Looking at me with a clenched jaw and wide open eyes, the man who, a moment ago, had held a knife to my neck lunged towards the open window of my cab.
Reacting without thinking, I found drive—slamming the gas, car lurching forward, I watched the bastard roll across the apartment driveway from my rearview mirror as I sped away.
There’s nothing like escaping a blade to the neck to put things into perspective.
Everything had happened so quickly I was numb with adrenaline. I saw that blood was spilling onto the steering wheel. Not knowing where it came from, I touched my neck to make sure he hadn’t nicked my jugular.
I thought about calling the police when I saw a cop who didn’t seem busy. I flashed my brights and pulled up next to him to tell him what had happened.
After a lot of bad noise the cops traced the phone number used to call the taxi to the residence where I had dropped my passengers off. Not an award winning heist plan, bubba.
This all happened last October, the weekend of Sierra Nevada’s Oktoberfest.
I was working an extended shift, 4 p.m. to 6 a.m.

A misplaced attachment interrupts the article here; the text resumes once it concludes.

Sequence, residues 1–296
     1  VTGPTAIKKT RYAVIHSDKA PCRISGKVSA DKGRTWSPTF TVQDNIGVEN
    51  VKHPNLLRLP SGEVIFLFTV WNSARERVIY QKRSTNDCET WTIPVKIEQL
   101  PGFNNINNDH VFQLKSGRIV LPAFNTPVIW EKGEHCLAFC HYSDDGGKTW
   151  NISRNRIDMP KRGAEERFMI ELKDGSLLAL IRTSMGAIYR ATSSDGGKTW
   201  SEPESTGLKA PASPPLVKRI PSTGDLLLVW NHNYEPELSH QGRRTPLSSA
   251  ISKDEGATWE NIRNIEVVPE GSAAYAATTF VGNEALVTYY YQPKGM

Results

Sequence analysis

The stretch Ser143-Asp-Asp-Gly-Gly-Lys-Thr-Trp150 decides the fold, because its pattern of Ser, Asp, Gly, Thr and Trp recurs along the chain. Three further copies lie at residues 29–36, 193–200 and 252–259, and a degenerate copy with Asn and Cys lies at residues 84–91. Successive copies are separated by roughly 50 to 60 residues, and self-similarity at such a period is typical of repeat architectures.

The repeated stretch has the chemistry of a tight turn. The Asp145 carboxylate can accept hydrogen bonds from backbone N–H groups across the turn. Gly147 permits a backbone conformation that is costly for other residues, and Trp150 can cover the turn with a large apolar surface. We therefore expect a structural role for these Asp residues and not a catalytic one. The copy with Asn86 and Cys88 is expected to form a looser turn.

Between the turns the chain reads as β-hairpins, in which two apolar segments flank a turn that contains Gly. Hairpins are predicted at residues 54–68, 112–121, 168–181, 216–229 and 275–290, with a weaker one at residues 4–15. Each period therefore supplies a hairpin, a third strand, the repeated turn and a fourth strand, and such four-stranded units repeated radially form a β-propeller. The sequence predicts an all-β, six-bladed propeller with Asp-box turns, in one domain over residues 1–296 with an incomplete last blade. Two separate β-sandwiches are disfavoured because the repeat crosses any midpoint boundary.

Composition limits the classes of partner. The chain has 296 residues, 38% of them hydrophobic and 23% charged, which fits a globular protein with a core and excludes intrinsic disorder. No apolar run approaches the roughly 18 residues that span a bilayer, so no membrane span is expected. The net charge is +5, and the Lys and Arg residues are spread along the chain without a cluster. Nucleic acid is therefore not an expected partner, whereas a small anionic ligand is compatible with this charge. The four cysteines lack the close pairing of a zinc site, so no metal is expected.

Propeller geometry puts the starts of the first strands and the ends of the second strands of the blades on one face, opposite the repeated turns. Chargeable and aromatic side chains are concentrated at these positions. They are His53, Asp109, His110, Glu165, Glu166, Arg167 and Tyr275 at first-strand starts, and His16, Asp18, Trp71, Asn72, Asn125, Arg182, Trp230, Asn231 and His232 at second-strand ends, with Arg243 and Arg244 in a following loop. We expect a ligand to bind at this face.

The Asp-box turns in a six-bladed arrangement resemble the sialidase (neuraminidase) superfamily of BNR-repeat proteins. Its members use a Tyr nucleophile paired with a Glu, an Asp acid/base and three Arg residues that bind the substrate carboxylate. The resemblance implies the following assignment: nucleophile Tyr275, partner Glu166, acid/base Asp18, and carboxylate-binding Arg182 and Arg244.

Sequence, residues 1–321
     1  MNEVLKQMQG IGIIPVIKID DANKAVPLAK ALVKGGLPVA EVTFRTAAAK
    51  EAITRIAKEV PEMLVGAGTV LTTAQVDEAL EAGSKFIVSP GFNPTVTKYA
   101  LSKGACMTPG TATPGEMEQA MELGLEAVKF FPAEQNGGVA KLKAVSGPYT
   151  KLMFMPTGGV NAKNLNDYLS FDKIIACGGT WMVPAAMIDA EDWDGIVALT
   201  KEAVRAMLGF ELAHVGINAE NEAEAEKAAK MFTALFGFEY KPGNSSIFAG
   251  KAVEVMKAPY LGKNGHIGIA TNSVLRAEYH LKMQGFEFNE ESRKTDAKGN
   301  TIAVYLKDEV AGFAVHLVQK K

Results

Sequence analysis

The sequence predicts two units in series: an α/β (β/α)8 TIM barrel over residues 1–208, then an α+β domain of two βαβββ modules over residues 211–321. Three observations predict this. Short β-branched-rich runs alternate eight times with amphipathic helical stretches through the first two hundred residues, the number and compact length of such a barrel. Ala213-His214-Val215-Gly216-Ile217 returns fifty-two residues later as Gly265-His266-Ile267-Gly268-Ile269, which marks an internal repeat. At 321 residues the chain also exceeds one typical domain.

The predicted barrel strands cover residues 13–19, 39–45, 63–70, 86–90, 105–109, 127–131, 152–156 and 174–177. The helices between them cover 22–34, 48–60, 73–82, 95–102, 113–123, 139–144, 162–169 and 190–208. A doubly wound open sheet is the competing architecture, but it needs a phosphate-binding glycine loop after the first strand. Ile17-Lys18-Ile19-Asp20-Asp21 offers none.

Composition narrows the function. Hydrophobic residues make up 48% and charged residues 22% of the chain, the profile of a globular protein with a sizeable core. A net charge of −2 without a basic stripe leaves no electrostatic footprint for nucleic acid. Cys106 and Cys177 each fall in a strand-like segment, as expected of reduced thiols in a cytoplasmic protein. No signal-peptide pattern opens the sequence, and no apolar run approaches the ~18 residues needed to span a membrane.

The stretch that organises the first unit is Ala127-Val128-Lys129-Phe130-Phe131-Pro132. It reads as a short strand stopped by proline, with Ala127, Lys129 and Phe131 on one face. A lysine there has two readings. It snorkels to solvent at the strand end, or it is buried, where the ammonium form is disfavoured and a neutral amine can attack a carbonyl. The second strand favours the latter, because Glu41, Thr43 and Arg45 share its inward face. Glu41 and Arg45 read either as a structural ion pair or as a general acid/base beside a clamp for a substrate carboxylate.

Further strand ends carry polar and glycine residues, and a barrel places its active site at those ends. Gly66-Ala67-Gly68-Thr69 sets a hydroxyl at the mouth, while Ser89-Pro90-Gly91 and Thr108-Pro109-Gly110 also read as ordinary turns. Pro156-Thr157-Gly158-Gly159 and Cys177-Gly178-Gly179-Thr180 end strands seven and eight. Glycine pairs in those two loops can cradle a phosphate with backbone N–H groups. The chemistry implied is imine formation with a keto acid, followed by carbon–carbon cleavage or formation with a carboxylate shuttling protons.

It was a lucrative night and my pockets felt promising, tucked with enough bills.
Someone had even given me a stein from the event at the brewery for a tip. Things were going nicely.
After midnight I picked up a pair of guys. As I approached them to confirm they needed a ride, they took their time getting in, smoking the last of something that smelled like weed.
Nothing unusual. My only apprehension was that these guys might try to barter with me instead of paying fare. I can’t pay rent with pot.
The guy in the passenger seat said, “It’s tough trying to make it around here. I’m just trying to take care of my daughter, my family.”
When we arrived at the apartment complex he said thanks and opened the door to leave without paying.
“It’s ten bucks,” I said. “You haven’t paid me.”
He nodded, smiling and said, “Oh, right. I’ll be back out. I have money inside.”
As a cab driver, long hours melt together. It’s easy to become delirious and lose the edge of attention that keeps bad decisions in check. Sometimes waiting too long can cost a driver money, especially during the busy parts of the night.
I looked at the clock; it was almost 1:30 a.m. I made a mental note that I would wait one more minute and then leave for downtown.
Just as I prepared to give up and head back for the bars, I saw my customer in the side view mirror, walking towards my window.
He mumbled, “Here’s what’s gonna happen” as he pulled a kitchen knife out from under his shirt and put it to my throat.
I shoved the weapon away with my left hand, cutting my thumb.
I remember a split second of hesitation between the time I put the car in gear, before I drove off, where our eyes locked.
The guy was ready to try again, to freeze me into submission and take my money.
Maybe he meant to scare me, not to rob me.
Either way, by the end of the night he was in Butte County Jail.
Kevin Crittenden can be reached at [email protected] or or @kevlodius.